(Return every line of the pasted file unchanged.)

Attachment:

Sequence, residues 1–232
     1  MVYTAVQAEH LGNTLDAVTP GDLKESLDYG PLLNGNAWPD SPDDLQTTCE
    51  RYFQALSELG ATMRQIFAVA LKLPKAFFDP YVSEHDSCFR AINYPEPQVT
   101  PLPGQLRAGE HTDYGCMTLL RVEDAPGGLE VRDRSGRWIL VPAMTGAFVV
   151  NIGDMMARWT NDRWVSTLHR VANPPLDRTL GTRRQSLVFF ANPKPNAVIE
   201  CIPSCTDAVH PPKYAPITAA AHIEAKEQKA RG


Sequence, residues 1–232
     1  MVYTAVQAEH LGNTLDAVTP GDLKESLDYG PLLNGNAWPD SPDDLQTTCE
    51  RYFQALSELG ATMRQIFAVA LKLPKAFFDP YVSEHDSCFR AINYPEPQVT
   101  PLPGQLRAGE HTDYGCMTLL RVEDAPGGLE VRDRSGRWIL VPAMTGAFVV
   151  NIGDMMARWT NDRWVSTLHR VANPPLDRTL GTRRQSLVFF ANPKPNAVIE
   201  CIPSCTDAVH PPKYAPITAA AHIEAKEQKA RG